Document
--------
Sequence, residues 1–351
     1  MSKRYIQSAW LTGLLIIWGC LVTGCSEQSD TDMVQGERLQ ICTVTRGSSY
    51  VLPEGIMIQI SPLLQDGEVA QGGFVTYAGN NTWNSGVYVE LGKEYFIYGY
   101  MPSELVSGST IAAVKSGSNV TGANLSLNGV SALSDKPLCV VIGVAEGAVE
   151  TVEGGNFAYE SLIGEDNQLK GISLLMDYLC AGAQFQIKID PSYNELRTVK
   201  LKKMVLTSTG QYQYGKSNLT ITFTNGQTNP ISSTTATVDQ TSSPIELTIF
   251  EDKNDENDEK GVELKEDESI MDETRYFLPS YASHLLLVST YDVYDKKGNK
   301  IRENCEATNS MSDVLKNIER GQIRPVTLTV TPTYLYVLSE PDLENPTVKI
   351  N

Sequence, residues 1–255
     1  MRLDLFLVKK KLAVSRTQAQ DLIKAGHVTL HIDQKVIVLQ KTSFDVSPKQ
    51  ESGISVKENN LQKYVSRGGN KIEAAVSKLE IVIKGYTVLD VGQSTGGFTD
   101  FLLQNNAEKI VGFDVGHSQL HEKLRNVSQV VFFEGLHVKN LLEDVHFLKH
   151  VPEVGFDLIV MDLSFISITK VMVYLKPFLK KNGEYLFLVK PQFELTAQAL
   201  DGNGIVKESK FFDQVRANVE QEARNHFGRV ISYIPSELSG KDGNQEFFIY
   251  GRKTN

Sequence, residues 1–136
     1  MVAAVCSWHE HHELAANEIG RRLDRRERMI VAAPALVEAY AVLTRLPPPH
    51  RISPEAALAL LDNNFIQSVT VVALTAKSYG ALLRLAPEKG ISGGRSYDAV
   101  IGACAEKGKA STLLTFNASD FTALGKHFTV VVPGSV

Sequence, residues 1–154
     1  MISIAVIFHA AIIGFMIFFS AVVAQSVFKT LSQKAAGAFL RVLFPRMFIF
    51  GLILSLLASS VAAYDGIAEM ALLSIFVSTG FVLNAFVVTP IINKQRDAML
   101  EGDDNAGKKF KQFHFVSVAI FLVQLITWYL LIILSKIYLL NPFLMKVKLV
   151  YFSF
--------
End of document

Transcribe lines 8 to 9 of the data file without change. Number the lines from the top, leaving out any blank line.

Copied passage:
   301  IRENCEATNS MSDVLKNIER GQIRPVTLTV TPTYLYVLSE PDLENPTVKI
   351  N